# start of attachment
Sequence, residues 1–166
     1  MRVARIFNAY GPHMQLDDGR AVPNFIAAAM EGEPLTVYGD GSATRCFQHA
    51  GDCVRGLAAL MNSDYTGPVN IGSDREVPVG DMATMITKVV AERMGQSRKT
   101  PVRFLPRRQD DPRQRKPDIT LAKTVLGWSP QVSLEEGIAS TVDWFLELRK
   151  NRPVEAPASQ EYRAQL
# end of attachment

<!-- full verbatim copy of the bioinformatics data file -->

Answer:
Sequence, residues 1–166
     1  MRVARIFNAY GPHMQLDDGR AVPNFIAAAM EGEPLTVYGD GSATRCFQHA
    51  GDCVRGLAAL MNSDYTGPVN IGSDREVPVG DMATMITKVV AERMGQSRKT
   101  PVRFLPRRQD DPRQRKPDIT LAKTVLGWSP QVSLEEGIAS TVDWFLELRK
   151  NRPVEAPASQ EYRAQL